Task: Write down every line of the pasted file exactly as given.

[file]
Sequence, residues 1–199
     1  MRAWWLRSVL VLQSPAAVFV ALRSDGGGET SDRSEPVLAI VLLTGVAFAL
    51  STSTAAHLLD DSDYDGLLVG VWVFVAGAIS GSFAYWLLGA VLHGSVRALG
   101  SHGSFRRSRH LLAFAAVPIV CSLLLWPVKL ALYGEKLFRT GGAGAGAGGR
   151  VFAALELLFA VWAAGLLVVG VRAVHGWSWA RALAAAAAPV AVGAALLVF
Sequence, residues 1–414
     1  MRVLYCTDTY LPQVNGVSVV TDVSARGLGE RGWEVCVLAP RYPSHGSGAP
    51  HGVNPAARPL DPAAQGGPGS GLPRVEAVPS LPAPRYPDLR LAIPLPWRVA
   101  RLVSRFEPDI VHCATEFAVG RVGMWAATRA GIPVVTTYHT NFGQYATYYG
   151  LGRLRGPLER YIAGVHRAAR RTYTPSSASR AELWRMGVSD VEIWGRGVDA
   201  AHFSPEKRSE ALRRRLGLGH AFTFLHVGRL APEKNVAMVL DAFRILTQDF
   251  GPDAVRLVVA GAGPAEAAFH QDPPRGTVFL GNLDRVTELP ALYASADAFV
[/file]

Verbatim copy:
Sequence, residues 1–199
     1  MRAWWLRSVL VLQSPAAVFV ALRSDGGGET SDRSEPVLAI VLLTGVAFAL
    51  STSTAAHLLD DSDYDGLLVG VWVFVAGAIS GSFAYWLLGA VLHGSVRALG
   101  SHGSFRRSRH LLAFAAVPIV CSLLLWPVKL ALYGEKLFRT GGAGAGAGGR
   151  VFAALELLFA VWAAGLLVVG VRAVHGWSWA RALAAAAAPV AVGAALLVF
Sequence, residues 1–414
     1  MRVLYCTDTY LPQVNGVSVV TDVSARGLGE RGWEVCVLAP RYPSHGSGAP
    51  HGVNPAARPL DPAAQGGPGS GLPRVEAVPS LPAPRYPDLR LAIPLPWRVA
   101  RLVSRFEPDI VHCATEFAVG RVGMWAATRA GIPVVTTYHT NFGQYATYYG
   151  LGRLRGPLER YIAGVHRAAR RTYTPSSASR AELWRMGVSD VEIWGRGVDA
   201  AHFSPEKRSE ALRRRLGLGH AFTFLHVGRL APEKNVAMVL DAFRILTQDF
   251  GPDAVRLVVA GAGPAEAAFH QDPPRGTVFL GNLDRVTELP ALYASADAFV